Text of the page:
What the Scottish Budget means for the Wellbeing agenda

Yesterday’s Scottish Budget included a raft of Wellbeing initiatives among its plans for economic recovery and support for business as Scotland looks ahead to a wider emergence from the pandemic .

Believe in Scotland has argued that Wellbeing should be at the core of rebuilding our economy in the wake of the pandemic. Indeed 'Independence Through Wellbeing' was a major strand of the recent newspaper produced by Believe in Scotland in partnership with the SNP and the National and delivered to a million homes throughout Scotland.

And Scotland is a member of the Wellbeing Economy Governments Partnership along with Iceland, New Zealand and Wales.

The big steps we need to take can only be fully achieved with the powers of independence

The Scottish Budget unveiled by finance secretary Kate Forbes yesterday contained several important initiatives designed to promote Wellbeing, although the big steps we need to take can only be fully achieved with the powers of independence.

The Budget included record funding of £18billion for health and social care  to both provide support through the next phase of the pandemic and help recovery of “vital services”.

But the package also provides £1.2billion for mental health and confirms a £50million Whole Family Wellbeing Fund to provide holistic support for children and their families.

The Budget provides for £200m to be spent on tackling the poverty-related attainment gap; £4bn to be spread across social security and welfare, £544m for free funded early learning and childcare and £831m for affordable housing.

The Budget’s key anti-poverty measure was the heavily trailed doubling of the Scottish Child Payment to £20 a week, from April 2022. The contrast between Holyrood and Westminster, which recently cut £20 a week from universal credit, could hardly have been starker.

More than £4billion will be paid out across social security and welfare payments in Scotland, providing support for low income families, carers and disabled people – including £1.95billion to start delivery of the Adult Disability Payment in 2022-23.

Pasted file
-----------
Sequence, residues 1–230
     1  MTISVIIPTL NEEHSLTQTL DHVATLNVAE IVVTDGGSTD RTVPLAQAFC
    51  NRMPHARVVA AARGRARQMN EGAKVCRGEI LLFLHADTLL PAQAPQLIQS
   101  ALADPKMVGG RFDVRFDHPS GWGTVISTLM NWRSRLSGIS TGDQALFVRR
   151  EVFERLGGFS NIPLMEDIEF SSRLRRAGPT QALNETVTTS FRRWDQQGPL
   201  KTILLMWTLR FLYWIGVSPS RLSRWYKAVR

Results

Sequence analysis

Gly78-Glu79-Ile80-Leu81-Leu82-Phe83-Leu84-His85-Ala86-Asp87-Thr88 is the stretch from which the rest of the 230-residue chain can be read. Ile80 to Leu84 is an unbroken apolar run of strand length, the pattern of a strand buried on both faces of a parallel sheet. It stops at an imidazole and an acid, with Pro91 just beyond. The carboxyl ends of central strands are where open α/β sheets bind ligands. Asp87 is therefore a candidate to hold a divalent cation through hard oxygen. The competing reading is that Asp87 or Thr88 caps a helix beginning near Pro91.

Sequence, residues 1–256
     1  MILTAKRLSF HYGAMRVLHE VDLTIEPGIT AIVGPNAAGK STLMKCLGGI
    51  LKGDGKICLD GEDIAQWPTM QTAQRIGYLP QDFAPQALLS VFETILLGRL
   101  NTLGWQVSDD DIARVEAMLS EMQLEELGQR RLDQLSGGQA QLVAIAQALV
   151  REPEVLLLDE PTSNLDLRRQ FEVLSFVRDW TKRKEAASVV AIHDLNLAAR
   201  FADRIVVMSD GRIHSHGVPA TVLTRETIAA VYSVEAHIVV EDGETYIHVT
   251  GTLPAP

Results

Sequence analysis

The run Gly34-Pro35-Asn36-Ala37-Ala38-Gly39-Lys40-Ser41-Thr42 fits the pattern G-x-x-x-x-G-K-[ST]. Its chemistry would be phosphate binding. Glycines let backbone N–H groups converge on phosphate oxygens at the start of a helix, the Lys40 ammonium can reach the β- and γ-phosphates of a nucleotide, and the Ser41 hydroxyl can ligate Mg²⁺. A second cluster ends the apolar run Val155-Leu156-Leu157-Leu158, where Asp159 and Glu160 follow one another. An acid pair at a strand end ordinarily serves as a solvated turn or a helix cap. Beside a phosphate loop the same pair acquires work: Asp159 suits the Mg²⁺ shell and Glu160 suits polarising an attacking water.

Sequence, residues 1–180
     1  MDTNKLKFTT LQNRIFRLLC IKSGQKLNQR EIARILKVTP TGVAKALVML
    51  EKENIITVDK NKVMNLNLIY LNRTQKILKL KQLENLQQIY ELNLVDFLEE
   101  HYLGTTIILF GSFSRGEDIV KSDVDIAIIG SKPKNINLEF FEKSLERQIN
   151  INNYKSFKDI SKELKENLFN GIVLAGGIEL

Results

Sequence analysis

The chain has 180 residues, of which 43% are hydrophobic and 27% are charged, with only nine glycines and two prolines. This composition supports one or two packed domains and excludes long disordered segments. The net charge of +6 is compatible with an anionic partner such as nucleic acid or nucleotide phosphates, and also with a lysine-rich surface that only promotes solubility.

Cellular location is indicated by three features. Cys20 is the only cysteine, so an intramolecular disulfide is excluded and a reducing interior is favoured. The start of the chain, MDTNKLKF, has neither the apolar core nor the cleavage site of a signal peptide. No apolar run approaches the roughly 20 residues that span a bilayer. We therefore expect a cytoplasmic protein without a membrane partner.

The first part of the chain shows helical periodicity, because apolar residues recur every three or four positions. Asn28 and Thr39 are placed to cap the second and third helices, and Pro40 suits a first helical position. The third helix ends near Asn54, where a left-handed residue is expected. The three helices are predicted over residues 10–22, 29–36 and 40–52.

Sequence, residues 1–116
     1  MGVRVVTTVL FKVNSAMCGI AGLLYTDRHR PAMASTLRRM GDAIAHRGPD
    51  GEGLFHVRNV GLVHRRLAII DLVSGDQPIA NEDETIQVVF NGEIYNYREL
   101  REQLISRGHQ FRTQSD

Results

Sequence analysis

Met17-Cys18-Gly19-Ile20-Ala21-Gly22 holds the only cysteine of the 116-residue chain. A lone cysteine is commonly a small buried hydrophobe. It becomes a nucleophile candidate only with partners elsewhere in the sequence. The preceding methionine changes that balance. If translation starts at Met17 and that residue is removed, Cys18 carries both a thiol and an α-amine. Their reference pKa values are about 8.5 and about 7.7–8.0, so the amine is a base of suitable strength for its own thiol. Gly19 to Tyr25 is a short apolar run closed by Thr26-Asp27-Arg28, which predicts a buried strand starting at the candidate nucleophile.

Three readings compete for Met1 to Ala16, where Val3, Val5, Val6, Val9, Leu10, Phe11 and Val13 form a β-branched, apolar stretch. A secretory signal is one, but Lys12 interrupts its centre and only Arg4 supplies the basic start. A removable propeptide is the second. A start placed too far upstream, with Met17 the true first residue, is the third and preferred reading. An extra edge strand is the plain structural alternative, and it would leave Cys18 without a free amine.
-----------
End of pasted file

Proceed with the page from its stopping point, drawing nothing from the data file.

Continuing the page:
And a total of £41million will be given to the Scottish Welfare Fund, helping people in times of crisis.

A further £110 million to let young people travel free on Scotland’s buses from January will also have the knock-on benefit of encouraging great use of public transport.

The Wellbeing agenda also prioritises measures to tackle climate change and Kate Forbes’ budget – partly the result of discussions with the Scottish Greens, now in a power sharing agreement with the SNP in the Scottish government – sets out almost £2bn of low-carbon capital investment in infrastructure to decarbonise homes, buildings, transport and industry.

This includes the first £20m of the 10-year Just Transition Fund, to help the north east and Moray transition from carbon based industries.

Putting wellbeing at the heart of everything we do ... is not just morally the right thing to do but it also unlocks the creativity and the confidence that we need

A total of £1.4bn will be spent to "maintain, improve and decarbonise" Scotland's rail network and  £336m has been allocated for energy efficiency and renewable heating. Other initiatives include:

  • Walking, wheeling and cycling will be promoted with £150m investment
  • Large-scale decarbonisation projects have been allocated £60m and there will be £43m spent on promoting a circular economy
  • Woodland creation gets £69.5m, increasing the target by 15,000 hectares, while £53m will be spent restoring the natural environment.

In a speech to the National Economic Forum in June the Scottish finance secretary spoke of the importance of the Wellbeing agenda.

She said: ‘Putting Wellbeing at the heart of everything we do, the wellbeing of the economy, the wellbeing of the environment and the wellbeing of people is not just morally the right thing to do but it also unlocks the creativity and the confidence that we need, which in turn will help businesses to innovate, to grow and to make them more globally competitive.’

To fully embrace that agenda Scotland needs the powers only independence can bring. Unveiling the Budget yesterday Kate Forbes pointed out that the so-called ‘block grant’ from Westminster – which is not a grant at all but simply Westminster giving some of our own money back to us – is lower than it has been for the past two years.

For Scotland to truly tackle the challenges of building back after the pandemic it needs to have complete control over its own finances and the ability to properly decided its own priorities.

By Richard Walker